Santiago Mitre’s “El Estudiante” (“The Student”), currently playing at the Centro Cultural La Moneda, has become one of the biggest sensations on the Latin American festival circuit, picking up award after award in one city after another, and in Argentina, made it’s 31 year-old auteur a combination boy wonder and bette noir.
With this supposedly slashing take on university politics, comparisons have been made to the early, autobiographical François Truffaut, as well as Jean-Luc Godard at his most political. One could speculate that Mitre has incorporated influences from Lars Von Triers “Dogma 95” movement and the “mumblecore” subgenre within the indie film movement, with its gritty, semi-documentary look, edgy performances, flirtation with pornography, and most problematically, its air of self-importance.
Personally, this critic found “El Estudiante” an alienating experience, intriguing sporadically, particularly when its characters raise their voices, either with each other, or in groups, and when they hit each other. But those few moments do not compensate for the long stretches of tedium and confusion, self-righteousness, as well annoyance with the director’s cold and casual treatment of women, sex, and personal relationships
For example, within the first few minutes of the film we are presented an exceptionally graphic sex scene between the cocky male student protagonist, Roque, and his co-ed girlfriend, Valeria. One could casually assume what will follow will be about Roque and Valeria’s deepest feelings for each other, but no. Rather, their relationship quickly fades into the background as Roque seduces a comely assistant professor, and then that relationship also becomes incidental to the principle story of Roque’s opportunistic aspirations in college-level student government, as Roque carries on with both women, whose paths or stories never cross.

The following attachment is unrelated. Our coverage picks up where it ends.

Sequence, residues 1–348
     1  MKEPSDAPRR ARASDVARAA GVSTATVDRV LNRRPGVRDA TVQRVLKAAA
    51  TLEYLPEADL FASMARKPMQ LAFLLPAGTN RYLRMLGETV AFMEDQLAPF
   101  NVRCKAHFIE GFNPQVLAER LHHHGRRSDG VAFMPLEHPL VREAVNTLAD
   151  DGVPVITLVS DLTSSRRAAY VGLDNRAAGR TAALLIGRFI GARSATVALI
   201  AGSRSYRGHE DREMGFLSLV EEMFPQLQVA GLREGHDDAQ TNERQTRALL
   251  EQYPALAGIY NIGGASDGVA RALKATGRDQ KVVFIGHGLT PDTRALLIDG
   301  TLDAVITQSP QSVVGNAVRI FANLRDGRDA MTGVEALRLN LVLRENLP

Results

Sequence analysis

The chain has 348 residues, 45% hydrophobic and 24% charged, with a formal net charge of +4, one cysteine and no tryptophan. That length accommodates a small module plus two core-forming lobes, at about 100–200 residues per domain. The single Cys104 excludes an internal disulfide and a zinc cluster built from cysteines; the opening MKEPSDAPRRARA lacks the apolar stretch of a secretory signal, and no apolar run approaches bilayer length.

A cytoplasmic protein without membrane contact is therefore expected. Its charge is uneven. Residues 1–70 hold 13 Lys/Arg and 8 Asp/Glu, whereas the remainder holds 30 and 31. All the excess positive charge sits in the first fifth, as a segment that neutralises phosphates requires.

So what, indeed, was the point of the porn offered up by the director, other than a facile shock tactic to make his bourgeois audience sit up and take notice? Ironic, but appropriate as well, in that Mitre both glamorizes and criticizes opportunistic exploitation, explicitly on the level of university politics, implicitly on the level of Argentinean society, and by the evidence of “El Estudiante”, something that is not above a young filmmaker who is short on inspiration but eager for attention.
The story itself? Roque is a perpetual college drop-out, who in his new enrollment finally finds higher education to have some purpose for him other than conquering the opposite sex. A crucial (so we are informed) election to determine the new Dean has provoked impassioned partisanship among students, professors, and administrators. Roque soon discovers his own aptitude for smooth talk, not just for sex, but for votes, a skill which is soon put to use by an aging academic and activist, a veteran survivor of Argentina’s Dirty Wars.
A warning to expats who only have a casual fluency in Spanish; without the benefit of English-subtitles, the flood of words, often spoken rapidly and with a heavily provincial, Argentinean accent, combined with the very parochial prattling between the characters, frequently talking about matters that will only be comprehensible to citizens directed connected to college politics in Buenos Aires, makes “El Estudiante” very rough-going, and perhaps intentionally obfuscating to make the film seem deeper than it is.
By the end, the film concludes on a self-congratulatory “moral” note, and the audience is encouraged to share Mitre’s being shocked (shocked!) that university politics, like civic and national politics, brings out the very worst in people. In other news, water is wet.